“I was all over. The last place I lived was in the Yucatan. But I had to come back.”
“How did you end up out here?”
“Jarette, honey…if you have the time and want to keep me company…I’ll tell you. You look like you’re runnin’ from somethin’ yourself, but I trust fugitives and I’ve got nothin’ to lose. It’s just you, me, the coyotes, and the wind out here.”
“I have all the time in the world.”
“The world’s gonna end at some point, Cowboy. So, I’ll make this longer than short.
“I’m an artist. Quite good. Don’t let my tough exterior fool you. I went to school. Got a degree and had my work shown. But the city got to be too much. Too much money and too many false promises. Cyber boys and start-ups and venture capitalists ran all the artists out of San Francisco, so I went south.
“Originally, I went to Oaxaca because I knew it was an artist enclave. I thought I could work there in peace and quiet. Then the EPR showed up. The Ejercito Popular Revolucionario leftists. I became friends with a few of them. Leftists have always been my people.
“I’d party with them, help them make revolutionary plans. We’d drink mezcal late into the night. The men — the boys — were sexy as hell, and I got with a few of them. I like dirty boys. Dangerous boys. But after they started blowing up Pemexes, I thought I should get out of there. I’m not into violence.
“I decided to head toward Tulum. I knew it was becoming a place where the yoga crowd hung out. Ravers, DJs, Eurotrash, money. And I love the Mayan culture. I thought it would be a good place to be an artist and no one would blow shit up.
“Trouble has a way of following a girl around though. There were no explosions but there was Manuel. Manuel and his wife.”
Then Delilah stopped, got silent, and stared off over Jarette’s shoulder. Her hand cupped her empty shot glass with tension. The room was silent, just the sound of the ice maker dropping a few cubes and the coffee pooling into its carafe.
I feel like I’m a priest and this bar is a church at the end of the world. Is this where sinners go to absolve one another?
Jarette felt the whole bar had come to life and he was going to be a witness to a confession.
Delilah steered her head back to him and said, “We need some tunes. Music. Latin music. And some more shots. Plus…your coffee is almost ready. You still want that Irish coffee?”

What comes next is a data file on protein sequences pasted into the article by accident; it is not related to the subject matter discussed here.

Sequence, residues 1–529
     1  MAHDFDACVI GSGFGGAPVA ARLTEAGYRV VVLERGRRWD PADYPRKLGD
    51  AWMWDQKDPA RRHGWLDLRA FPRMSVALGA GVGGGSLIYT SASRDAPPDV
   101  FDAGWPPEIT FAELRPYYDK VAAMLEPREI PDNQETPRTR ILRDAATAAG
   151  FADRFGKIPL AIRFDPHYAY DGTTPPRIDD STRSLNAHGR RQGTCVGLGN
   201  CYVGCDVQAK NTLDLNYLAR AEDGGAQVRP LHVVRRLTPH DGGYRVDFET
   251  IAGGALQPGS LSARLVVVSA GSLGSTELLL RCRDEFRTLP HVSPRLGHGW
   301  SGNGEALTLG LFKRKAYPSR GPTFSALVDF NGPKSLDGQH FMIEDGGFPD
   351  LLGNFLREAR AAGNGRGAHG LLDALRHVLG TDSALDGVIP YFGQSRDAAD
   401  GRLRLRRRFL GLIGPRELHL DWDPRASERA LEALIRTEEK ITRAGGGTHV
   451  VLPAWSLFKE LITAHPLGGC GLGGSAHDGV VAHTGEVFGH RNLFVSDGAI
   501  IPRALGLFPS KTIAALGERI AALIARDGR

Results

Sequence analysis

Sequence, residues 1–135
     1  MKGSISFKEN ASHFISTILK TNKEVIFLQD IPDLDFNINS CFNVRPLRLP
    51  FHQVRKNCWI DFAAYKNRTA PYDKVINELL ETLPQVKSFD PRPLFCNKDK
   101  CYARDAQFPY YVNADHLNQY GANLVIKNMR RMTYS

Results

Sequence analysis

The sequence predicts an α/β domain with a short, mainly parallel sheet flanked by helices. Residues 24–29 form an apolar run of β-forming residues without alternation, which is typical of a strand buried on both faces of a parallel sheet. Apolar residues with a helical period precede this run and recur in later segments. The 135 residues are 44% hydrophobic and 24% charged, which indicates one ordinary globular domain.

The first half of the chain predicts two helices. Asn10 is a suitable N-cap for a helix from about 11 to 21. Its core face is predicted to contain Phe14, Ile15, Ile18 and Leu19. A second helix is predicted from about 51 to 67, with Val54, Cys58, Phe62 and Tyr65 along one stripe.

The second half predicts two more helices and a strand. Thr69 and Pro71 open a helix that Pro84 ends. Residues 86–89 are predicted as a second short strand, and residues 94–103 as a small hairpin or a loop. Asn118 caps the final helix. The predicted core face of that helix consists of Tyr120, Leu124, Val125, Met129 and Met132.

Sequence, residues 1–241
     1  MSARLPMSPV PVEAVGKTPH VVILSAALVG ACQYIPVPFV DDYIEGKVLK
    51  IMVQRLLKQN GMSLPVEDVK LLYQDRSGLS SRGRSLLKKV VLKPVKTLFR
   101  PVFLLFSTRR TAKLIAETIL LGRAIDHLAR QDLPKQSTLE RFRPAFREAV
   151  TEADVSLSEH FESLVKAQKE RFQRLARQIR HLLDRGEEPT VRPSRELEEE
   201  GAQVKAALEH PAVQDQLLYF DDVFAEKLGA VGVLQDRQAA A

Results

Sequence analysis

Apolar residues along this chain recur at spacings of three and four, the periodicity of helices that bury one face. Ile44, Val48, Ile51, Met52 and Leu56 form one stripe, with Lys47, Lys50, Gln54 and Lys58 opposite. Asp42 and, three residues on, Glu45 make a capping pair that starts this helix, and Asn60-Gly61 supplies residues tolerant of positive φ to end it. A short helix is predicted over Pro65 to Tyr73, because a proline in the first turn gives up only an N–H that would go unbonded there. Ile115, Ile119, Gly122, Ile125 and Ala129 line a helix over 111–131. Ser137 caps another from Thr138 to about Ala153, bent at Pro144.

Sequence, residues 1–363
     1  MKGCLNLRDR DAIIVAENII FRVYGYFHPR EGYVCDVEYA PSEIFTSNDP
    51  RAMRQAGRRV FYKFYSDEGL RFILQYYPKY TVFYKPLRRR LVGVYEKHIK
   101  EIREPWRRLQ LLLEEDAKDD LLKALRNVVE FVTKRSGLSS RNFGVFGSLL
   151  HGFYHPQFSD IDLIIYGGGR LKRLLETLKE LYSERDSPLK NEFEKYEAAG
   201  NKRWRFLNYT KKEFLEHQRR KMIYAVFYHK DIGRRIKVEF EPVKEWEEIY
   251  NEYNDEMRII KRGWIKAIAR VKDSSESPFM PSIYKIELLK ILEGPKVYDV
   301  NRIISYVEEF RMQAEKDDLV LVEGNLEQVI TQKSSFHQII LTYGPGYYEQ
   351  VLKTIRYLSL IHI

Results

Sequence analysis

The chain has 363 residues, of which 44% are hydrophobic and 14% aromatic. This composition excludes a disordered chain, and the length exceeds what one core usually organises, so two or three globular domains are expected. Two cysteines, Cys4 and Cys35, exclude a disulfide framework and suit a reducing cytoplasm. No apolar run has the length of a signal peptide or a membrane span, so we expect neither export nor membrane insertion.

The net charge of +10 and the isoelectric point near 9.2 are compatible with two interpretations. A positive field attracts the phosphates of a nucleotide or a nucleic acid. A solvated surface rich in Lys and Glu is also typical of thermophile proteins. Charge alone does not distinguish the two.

The room grew hot and thick. Delilah’s eyes burned bloodshot, piercing, and filled with melancholy.
Jarette began to feel like he was in One Thousand and One Nights. This time though, the tables were turned. Delilah was the Mesopotamian queen and he was the virgin at the edge of execution. She would decide what was going to happen to him.
She was the storyteller and the seductress, the sinner and the saint, the executioner and acquitter. Ruling the Middlegate Station like a sultana.
Is she trying to seduce me? Or kill me? Or is she just desperately lonely out here at the edge of nowhere? It’s like a game of ‘Fuck, Marry, Kill’ and I’m the guy in all three scenarios.
Jarette emerged from the fog of his thoughts, and said, “Yeah, I want the Irish coffee. But I’d like to buy you another shot, too. If that’s all right. I know you’re working.”
“Jarette…if someone else comes into this bar between now and tomorrow, I’ll give you the jeans I’m wearing and you can spank me.
“Seein’ as the storm washed out a lot of the roads around here, you’ll probably need to wait to leave anyhow. It’s just gonna be you and me for a while.”
Continue reading by clicking here for Part 7 of Tedium: Delilah’s Confession.
If you missed any part of my Tedium series, click any of these links below:
Part 3: The Alamo Inn
Part 5: Rock ‘n’ Roll Meltdown